Bio: I’m Devan Edwards. I started up Nimbi Design a few years ago, as a way to have a fun creative outlet for all the different things I enjoy. Nimbi is plural for Nimbus Cloud. The name felt appropriate for living in the NW, where it rains about 7-8 months out of the year–plus, clouds are so cute. I graduated from PNCA in Portland, OR in 2008, and have worked as a Graphic Designer for Walt Disney World in Orlando, FL, and am currently a UX/UI Designer for eBay Mobile in Portland.

Nimbi is a fun way for me to be more “crafty” and less technical with the skills I’ve learned through the years, and a way for me to explore other creative outlets using my hands and tools and not just a computer. I do an array of different things and sell them on my online Etsy shop. I make custom letterpress stationery, invitations (digital and layered), glass and metal jewelry, feather and flower hairpieces, greeting cards, needle felt, plushies and more. I do some sewing and just love to mess around with different things that I have in my “Tiffany” colored craft room. My latest and busiest freelance work has become book cover design. I have to say, I absolutely love it and am so grateful for falling upon it!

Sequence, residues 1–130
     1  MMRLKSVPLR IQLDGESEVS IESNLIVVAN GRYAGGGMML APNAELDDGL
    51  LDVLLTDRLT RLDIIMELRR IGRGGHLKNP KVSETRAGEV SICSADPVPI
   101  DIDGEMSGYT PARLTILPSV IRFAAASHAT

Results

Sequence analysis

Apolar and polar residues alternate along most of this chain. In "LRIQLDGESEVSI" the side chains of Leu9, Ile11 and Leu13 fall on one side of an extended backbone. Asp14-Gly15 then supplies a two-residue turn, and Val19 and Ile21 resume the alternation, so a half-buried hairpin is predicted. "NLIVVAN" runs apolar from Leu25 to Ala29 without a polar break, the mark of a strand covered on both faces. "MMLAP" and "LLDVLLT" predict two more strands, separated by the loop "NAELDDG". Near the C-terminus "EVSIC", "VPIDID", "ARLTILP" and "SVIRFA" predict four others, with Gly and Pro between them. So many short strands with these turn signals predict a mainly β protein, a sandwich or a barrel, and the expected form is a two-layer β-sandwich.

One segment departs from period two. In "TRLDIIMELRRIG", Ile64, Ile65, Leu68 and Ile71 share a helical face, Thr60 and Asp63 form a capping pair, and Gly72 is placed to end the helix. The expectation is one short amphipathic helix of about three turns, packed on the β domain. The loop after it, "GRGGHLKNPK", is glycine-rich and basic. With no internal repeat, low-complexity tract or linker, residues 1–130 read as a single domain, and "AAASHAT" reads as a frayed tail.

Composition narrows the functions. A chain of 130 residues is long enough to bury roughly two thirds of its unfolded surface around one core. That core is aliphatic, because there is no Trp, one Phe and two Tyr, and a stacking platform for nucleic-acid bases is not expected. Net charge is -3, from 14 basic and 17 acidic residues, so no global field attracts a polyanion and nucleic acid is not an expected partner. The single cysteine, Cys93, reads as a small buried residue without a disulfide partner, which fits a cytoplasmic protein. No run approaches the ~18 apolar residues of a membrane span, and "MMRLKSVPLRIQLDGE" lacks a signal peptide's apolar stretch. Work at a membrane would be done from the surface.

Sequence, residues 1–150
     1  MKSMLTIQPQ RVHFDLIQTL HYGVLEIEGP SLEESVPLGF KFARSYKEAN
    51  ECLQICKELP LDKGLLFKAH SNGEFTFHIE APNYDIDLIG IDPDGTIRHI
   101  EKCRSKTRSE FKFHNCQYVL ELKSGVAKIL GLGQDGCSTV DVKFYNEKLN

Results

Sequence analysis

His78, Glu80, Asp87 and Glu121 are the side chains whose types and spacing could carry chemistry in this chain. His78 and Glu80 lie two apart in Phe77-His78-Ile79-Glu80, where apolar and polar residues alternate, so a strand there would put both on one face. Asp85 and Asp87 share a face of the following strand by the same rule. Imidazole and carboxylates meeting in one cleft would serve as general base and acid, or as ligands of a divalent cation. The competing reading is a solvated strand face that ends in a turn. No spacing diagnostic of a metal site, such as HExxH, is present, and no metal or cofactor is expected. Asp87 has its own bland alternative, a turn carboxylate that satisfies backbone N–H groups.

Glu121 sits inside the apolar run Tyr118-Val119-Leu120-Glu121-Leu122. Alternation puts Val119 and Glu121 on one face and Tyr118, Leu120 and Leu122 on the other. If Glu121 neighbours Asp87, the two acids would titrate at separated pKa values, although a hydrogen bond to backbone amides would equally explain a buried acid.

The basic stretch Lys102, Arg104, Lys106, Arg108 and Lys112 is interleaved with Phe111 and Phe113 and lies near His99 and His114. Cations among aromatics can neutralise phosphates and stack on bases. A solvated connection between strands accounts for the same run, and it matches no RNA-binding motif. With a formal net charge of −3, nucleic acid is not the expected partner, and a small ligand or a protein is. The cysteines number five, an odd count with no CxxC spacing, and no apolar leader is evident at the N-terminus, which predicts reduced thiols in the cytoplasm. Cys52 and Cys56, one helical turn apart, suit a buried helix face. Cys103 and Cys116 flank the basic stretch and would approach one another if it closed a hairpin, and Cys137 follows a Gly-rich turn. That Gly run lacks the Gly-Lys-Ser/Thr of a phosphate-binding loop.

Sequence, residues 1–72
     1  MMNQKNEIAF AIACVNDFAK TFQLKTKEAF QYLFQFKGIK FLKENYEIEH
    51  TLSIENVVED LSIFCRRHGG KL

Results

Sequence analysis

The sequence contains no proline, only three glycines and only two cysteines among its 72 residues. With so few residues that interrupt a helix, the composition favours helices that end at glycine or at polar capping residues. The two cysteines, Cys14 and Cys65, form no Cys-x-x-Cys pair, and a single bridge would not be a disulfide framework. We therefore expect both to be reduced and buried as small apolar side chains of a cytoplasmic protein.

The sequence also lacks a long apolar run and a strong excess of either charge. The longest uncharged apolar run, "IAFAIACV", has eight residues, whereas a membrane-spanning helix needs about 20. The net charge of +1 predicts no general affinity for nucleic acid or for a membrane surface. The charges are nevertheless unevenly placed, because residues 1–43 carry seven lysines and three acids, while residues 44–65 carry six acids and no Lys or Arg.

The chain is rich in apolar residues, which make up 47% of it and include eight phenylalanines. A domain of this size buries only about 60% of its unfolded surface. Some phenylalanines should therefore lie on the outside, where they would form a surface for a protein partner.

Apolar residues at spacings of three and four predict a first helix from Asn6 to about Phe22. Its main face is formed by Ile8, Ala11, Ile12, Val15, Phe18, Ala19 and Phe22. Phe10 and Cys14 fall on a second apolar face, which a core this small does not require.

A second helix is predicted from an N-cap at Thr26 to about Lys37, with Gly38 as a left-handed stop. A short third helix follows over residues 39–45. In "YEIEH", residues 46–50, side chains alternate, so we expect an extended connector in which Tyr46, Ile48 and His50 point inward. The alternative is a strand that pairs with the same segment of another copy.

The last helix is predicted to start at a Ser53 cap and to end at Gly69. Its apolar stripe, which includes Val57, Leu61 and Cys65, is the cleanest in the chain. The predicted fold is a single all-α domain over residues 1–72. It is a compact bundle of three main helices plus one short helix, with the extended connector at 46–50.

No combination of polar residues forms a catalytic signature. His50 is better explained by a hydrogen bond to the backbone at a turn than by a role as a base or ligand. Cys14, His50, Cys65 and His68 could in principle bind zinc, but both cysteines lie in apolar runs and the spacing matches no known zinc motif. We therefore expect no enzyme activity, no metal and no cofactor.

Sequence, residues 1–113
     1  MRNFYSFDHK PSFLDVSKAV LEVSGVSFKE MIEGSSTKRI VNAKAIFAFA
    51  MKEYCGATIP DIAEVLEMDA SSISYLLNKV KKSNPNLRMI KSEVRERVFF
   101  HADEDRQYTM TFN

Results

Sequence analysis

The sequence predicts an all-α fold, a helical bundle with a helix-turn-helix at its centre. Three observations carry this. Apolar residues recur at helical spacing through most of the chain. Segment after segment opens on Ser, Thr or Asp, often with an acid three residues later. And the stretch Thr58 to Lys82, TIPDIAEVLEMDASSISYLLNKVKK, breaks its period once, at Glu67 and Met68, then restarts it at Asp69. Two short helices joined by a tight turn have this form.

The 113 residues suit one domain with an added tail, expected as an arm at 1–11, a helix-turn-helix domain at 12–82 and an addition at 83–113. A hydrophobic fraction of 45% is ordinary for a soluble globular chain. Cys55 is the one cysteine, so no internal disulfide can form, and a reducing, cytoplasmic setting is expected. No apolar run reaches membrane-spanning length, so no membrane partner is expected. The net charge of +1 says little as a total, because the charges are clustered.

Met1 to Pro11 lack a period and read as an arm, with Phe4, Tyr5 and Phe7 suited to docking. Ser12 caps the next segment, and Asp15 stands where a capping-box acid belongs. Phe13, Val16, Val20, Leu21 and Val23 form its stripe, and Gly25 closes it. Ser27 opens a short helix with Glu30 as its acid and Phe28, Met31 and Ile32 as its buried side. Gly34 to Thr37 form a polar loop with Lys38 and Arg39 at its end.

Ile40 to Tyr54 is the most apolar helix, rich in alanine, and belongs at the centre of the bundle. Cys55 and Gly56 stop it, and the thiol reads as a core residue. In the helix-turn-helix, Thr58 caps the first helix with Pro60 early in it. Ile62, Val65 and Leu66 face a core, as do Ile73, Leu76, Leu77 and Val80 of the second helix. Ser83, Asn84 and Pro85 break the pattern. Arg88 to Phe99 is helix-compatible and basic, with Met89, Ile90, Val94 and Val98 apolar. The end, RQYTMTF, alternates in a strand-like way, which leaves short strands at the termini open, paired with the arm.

Now tell us something about you that your bio doesn’t include. Feel free to make us laugh!
I love the outdoors and fly-fishing. It’s my happy place, being on the river with my fly rod, something I’ve done since I was little. Other than that, I am completely obsessed with my Boston Terrier, Mac. I named him after two things I’m obsessed with: Apple and Mac makeup. I thought it might be a good idea to get a girl French Bulldog one day too, to be his friend. I discussed names with my Mom, and thought Tosh would be funny, so that I had Mac ‘n Tosh. (Get it?). Then my mom suggested I name her Fromage. Which is French for “Cheese.” My mom is witty. :)
How did you get into book cover design?